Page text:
after selecting a hero, there will show a briefing screen. The last display line shows the underlaying text.


This has been covered before and it happens on the real thing. Sometimes the last scanline is neglected for display purposes, maybe 3% of games will display garbage there at some point. Probably a good FAQ candidate.
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Post by henke37 »

We have talked about the issue before, it is not just for complying with the standards (that is a good thing btw), but because normal users plain don't have the rights to use config files in such locations.
FitzRoy
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Post by FitzRoy »

henke37 wrote:We have talked about the issue before, it is not just for complying with the standards (that is a good thing btw).


Sieg Heil.

but because normal users plain don't have the rights to use config files in such locations.


I'm not following.
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Post by henke37 »

It is basic computer security, don't let the users do stuff they have no need to do. Take vista for example, no normal user is allowed to write to the programs folder, because that should only happen during program installation.
byuu

Post by byuu »

Looks like I've finally made it big: people are calling it bsnes (btw i am dumb) now :D

http://www.pc-juego.com/emuladores/bsnes (btw i am dumb).html

Also, I added a debugging menu to the UI input config dropdown. So far just five things:
- Export memory (VRAM, OAM, CGRAM, WRAM, APURAM)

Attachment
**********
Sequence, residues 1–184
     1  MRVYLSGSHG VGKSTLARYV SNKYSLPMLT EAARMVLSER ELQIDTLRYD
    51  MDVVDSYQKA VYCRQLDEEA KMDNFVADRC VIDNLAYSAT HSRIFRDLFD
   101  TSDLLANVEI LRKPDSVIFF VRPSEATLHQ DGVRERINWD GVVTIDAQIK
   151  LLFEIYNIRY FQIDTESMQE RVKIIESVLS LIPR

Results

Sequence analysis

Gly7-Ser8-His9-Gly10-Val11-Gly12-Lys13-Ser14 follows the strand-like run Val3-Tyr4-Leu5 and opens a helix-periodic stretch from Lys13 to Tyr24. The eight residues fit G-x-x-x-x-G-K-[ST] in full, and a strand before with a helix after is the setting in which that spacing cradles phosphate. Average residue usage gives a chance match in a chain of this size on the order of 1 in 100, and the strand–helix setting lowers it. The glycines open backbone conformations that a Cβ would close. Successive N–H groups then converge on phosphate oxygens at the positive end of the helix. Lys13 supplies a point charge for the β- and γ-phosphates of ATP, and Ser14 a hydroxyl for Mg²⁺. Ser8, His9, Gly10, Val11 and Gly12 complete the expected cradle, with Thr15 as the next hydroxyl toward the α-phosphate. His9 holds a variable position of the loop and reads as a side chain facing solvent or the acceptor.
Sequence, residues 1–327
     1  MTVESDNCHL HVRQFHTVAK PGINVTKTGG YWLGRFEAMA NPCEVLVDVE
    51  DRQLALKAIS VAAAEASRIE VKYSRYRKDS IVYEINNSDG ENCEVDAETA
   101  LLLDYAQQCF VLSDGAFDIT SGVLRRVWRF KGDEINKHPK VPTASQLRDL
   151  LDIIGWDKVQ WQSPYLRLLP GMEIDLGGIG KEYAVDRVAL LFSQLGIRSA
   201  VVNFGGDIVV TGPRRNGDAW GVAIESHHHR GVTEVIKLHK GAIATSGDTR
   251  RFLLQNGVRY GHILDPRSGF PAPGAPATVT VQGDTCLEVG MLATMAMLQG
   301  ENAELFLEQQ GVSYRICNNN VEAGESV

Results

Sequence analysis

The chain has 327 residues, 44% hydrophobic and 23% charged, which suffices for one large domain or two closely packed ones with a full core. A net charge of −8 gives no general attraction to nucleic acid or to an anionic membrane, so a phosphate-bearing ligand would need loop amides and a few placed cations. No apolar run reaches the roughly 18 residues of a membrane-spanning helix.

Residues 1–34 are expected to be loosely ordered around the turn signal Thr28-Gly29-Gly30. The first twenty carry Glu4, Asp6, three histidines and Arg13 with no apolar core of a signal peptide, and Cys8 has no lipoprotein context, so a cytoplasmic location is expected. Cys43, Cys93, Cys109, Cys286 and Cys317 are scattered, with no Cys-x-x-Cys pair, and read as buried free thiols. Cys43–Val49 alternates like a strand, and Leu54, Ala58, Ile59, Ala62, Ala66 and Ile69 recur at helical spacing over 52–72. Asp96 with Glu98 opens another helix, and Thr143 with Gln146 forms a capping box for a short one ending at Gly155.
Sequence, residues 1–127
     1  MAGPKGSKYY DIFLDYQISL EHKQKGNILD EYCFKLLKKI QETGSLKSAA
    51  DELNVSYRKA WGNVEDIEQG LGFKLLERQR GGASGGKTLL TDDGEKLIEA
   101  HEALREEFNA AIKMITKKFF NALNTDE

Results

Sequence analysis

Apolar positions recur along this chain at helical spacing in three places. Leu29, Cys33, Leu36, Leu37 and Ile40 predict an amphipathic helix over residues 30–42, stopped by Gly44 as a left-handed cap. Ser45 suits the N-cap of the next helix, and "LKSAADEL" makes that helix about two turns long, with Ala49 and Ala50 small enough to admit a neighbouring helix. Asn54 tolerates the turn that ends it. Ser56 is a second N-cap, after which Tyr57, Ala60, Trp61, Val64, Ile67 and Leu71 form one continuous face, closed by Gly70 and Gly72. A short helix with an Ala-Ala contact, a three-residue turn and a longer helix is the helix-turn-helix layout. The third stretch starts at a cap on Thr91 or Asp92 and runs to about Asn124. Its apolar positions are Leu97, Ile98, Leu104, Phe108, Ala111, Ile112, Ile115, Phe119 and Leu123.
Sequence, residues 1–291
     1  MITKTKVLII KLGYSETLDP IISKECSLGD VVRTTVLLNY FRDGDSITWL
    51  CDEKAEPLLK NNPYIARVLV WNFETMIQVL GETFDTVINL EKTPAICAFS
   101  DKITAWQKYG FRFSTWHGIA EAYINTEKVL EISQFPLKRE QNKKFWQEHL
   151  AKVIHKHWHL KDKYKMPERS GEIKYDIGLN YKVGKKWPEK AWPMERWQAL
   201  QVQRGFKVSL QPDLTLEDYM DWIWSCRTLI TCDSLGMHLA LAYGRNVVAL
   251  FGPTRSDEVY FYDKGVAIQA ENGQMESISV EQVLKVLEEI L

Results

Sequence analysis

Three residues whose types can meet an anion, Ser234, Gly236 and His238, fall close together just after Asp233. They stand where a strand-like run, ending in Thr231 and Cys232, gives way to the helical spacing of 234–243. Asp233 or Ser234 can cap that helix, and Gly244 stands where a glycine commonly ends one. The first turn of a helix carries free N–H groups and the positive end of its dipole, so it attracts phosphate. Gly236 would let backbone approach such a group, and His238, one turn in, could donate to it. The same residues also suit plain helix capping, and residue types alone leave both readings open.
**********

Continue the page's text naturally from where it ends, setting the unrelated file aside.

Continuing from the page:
- Toggle CPU tracing + CPU trace mask
- Toggle SMP tracing + SMP trace mask

Also added a new path selector for where you want all data files to go. This will include WAV files, screenshots in the future, tracelogs and memory export data. No, I'm not making 30 paths so you can separate your WAV files from screenshots, sorry.
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Post by neo_bahamut1985 »

byuu wrote:Looks like I've finally made it big: people are calling it bsnes (btw i am dumb) now :D

http://www.pc-juego.com/emuladores/bsnes (btw i am dumb).html



As if calling Zsnes "zsnes (btw i'm too stupid to learn the name of the emulator)" was bad enough...
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byuu

Post by byuu »

neo_bahamut1985 wrote:As if calling Zsnes "zsnes (btw i'm too stupid to learn the name of the emulator)" was bad enough...


Yeah, I don't know why they type all that extra stuff in parenthesis all the time.

Yes, this is a joke, certain board members. I know about the filters.
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Post by neo_bahamut1985 »

Yeah, it's the Zboard filter that did that, so it's impossible to misspell it. I find it funny that BSNES is to the point that people are already butchering the name; how they messed up the name in a non-English language is beyond me.
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Post by Verdauga Greeneyes »

neo_bahamut1985 wrote:I was the Zboard filter that did that.

Read byuu's post more carefully.